It was just an average bungalow, probably built in the late 1940s. But it had enviable attributes that appealed to the young family who purchased it in the summer of 2015. “It was a big lot, they could walk to downtown Birmingham, and the price was right,” says Livonia-based architect James Blain, of James Blain & Associates. “I knew we could make it something special.”
Blain’s vision included respecting the original 1,500-square-foot, 1.5-story home’s modest footprint, as well as the lot’s mature trees. Instead of an average bungalow, he saw a four-bedroom, four-and-a-half-bath contemporary Cape Cod that made the most of the lot and the light.
Luckily, the homeowners had complete faith in him, as well as in interior designer Kevin Serba, of Birmingham-based Serba Interiors, and project manager Joe Tasch, of Bloomfield Hills’ Thomas Sebold & Associates/TSA, the team the architect assembled to collaborate on the renovation. “The homeowners knew what I do and what Kevin does, and they relied on us,” Blain says. “They’re low-key people.”
A wide, wraparound porch was a major exterior improvement. White columns contrast with dark trim on the windows, and tan-colored natural wood shingles are true to the home’s East Coast inspiration. “The original house was a little plain,” Blain admits, “and it was just too small for a modern family.”
Serba agrees: “The layout wasn’t right for the way people live today.”
Ironically, Serba had noticed the home’s possibilities even before he was enlisted to help with the project. “I watched it when it came on the market,” he says. “I remember thinking it would be a good project for me.”
The homeowners, architect, and designer shared their goals for the house, including “creating an unassuming family home that had an open floor plan and modern conveniences — a space that (would be) functional as well as beautiful,” Serba says.
The team juggled interior rooms as part of the renovation, converting a bedroom near the front door to a handsome office and upgrading the original living room with a resurfaced fireplace. Unusual roof lines and unexpected window shapes throughout draw attention to the interior architecture. “I like high windows, so that when you look out you don’t see another house,” Blain says. “The new rooms have a ton of character.”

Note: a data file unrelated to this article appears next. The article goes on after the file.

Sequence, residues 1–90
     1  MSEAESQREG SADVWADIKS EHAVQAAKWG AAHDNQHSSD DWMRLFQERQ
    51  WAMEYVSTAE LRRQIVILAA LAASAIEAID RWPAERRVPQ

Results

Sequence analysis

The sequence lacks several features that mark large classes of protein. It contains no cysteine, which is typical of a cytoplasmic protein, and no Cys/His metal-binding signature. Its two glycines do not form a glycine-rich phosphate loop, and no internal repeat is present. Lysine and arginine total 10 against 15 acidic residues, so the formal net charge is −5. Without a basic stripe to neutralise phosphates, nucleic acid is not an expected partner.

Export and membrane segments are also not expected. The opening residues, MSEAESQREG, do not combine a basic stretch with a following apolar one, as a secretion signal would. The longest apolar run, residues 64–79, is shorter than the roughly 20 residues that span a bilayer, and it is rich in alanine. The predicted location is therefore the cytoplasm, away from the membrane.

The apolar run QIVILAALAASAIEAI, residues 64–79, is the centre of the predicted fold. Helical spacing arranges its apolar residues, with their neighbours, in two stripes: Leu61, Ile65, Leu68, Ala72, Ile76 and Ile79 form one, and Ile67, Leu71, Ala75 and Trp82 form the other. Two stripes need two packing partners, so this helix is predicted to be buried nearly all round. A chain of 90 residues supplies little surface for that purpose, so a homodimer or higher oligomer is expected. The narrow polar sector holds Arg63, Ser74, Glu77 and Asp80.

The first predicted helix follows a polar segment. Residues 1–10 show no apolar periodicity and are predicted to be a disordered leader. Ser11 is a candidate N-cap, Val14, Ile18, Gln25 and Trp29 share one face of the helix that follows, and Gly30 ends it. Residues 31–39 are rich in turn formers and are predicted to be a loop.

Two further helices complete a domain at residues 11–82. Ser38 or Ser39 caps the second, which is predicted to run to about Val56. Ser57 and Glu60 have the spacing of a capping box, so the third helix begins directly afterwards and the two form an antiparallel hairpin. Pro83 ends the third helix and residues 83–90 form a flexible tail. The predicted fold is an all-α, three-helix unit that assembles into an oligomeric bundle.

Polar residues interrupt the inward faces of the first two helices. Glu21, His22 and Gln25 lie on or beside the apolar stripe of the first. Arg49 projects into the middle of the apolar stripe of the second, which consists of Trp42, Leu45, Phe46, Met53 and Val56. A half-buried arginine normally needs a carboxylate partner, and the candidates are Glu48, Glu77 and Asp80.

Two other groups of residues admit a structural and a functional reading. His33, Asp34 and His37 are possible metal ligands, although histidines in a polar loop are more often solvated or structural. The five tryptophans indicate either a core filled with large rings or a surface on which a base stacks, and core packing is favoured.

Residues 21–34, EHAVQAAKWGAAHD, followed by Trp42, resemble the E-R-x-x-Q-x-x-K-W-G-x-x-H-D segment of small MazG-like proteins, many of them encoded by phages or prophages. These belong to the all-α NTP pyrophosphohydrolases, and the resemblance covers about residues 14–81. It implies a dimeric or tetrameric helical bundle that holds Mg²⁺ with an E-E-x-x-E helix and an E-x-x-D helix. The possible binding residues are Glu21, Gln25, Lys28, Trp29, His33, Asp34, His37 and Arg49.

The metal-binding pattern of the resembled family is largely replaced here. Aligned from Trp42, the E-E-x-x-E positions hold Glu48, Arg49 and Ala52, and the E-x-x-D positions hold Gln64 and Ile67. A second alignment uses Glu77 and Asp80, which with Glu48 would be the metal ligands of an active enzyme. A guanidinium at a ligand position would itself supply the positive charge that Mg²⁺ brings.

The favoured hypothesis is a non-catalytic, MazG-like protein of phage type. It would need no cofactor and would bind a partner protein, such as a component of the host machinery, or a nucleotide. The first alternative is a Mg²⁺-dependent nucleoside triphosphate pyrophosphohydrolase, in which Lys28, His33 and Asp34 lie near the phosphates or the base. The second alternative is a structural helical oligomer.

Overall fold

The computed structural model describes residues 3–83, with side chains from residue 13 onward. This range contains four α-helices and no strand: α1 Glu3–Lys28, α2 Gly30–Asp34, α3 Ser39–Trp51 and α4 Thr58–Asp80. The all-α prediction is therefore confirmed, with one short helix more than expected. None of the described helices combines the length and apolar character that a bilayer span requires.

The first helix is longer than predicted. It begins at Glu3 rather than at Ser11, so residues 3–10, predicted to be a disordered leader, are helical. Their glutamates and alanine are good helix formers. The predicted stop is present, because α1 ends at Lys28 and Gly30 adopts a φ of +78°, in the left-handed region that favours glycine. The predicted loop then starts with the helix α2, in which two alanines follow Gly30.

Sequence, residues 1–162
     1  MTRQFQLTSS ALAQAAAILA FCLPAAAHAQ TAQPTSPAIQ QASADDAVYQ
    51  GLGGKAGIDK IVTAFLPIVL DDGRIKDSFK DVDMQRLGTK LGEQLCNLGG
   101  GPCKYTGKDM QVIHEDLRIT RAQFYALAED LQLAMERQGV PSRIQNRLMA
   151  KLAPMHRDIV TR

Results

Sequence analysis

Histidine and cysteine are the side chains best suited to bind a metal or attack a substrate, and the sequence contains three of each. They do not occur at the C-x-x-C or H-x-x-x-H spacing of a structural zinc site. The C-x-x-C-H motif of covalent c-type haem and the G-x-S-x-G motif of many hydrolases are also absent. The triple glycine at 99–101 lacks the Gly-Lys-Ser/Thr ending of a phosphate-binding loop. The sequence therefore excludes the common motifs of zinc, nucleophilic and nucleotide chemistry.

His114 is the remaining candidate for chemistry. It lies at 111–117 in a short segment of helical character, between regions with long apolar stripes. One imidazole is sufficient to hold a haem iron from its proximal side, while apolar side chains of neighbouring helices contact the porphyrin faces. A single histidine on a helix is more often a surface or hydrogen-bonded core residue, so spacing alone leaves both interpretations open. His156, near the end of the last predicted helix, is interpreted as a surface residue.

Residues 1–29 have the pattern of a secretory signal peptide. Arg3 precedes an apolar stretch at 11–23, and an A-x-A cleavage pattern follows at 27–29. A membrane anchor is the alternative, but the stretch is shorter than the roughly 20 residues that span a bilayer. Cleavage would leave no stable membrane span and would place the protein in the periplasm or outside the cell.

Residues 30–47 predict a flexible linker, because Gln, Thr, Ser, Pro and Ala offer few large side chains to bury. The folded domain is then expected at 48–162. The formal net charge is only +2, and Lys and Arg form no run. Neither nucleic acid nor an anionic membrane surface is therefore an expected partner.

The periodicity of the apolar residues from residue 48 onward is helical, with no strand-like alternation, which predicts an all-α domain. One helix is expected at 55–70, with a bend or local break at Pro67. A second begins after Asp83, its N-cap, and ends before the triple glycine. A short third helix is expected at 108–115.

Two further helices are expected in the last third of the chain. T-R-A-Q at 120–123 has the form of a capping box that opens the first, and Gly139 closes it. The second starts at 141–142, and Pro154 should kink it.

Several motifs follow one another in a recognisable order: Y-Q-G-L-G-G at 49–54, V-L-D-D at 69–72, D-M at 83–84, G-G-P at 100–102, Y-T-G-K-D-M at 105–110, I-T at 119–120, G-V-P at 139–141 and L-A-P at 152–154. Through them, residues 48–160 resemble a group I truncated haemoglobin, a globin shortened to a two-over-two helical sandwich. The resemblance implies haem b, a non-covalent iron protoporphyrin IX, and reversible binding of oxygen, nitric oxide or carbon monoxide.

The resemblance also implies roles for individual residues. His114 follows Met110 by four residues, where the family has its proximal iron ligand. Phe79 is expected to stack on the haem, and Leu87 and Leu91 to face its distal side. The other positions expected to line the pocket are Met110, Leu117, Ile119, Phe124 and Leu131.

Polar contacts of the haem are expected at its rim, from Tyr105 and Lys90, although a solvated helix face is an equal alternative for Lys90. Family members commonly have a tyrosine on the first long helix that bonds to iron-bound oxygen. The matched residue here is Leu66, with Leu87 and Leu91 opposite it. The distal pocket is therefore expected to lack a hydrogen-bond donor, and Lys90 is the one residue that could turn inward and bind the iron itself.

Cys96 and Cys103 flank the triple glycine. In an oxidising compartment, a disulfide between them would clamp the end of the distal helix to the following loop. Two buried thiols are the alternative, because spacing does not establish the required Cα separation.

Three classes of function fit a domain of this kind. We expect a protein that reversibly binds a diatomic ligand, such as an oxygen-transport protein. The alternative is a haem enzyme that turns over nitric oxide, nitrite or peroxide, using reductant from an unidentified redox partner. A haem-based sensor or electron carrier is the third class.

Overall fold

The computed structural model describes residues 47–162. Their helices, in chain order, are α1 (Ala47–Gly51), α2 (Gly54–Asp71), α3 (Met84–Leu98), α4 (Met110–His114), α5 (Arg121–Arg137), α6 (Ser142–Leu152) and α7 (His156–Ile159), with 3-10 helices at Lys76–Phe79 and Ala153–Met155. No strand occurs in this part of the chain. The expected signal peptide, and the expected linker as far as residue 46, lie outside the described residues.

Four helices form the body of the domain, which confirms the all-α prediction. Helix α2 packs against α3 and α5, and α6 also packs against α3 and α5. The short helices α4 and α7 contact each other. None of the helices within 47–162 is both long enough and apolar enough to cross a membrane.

Serba’s goal for the interior was “to create a modern mix, one that had a comfortable feel with a combination of textures and styles,” he explains. “The client likes contemporary things, so I combined contemporary and abstract art with some vintage and antique pieces that, while unique, work well together.”
For him, the project was all about finding balance. “The house is warm yet contemporary, because of the combination of rich textures with clean and simple backgrounds,” he says. “I mixed warm gray and beige tones in the soft furnishings and drapery, and opted for rich wood tones and painted furniture over chrome or metal accents. I tried to balance the contemporary art by adding rustic textures in the family room cocktail table, and (using) accents like the antique Chinese screens as wall art.”
The palette is urban and sophisticated yet warm, Serba adds. One of his challenges was making the large, open spaces feel comfortable and cozy. He achieved that with a wide-plank, deeper-toned floor to anchor the tall ceilings. “I also selected warm neutral backgrounds in area rugs, upholstery, and draperies, to soften each room visually and texturally,” Serba says.
The tall, angled ceilings distinguish the once-average home from the many others Serba has worked on in the area. He played off that special feature in various design elements throughout the house, including the family room’s fireplace mantel and custom cocktail table, which mimic the geometry of the room’s tall ceiling peaks. Open to the new kitchen, the sunny family room provides a stylish family space.
Upstairs, the same irregular roof lines result in high-peaked ceilings that make even small rooms feel spacious. “We had a lot of meetings while the house was being renovated,” Blain says. “I was here almost every day.” Because there’s no attic, the second-floor ceilings reflect the angled shape of the roof, resulting in anything-but-boxy bedrooms. “Getting the rooms into the roof was a challenge,” says the architect, who adds that seemingly simple spaces can be among the most difficult to design and build. “The carpenters had a lot to figure out. At first it was tough to understand the space and how it worked, but we kept chugging along every day.”
Eighteen months later, the project’s challenges are far behind them, Blain says. So, too, is the once-average home, replaced by what the architect calls “a sophisticated, contemporary tweak on a classic Cape Cod.”
“It was touch and go, and for a while we weren’t sure how it would all turn out,” Blain says, “but today, walking through the house, it’s just one interesting and beautiful room after the next. We’re all thrilled with the results.”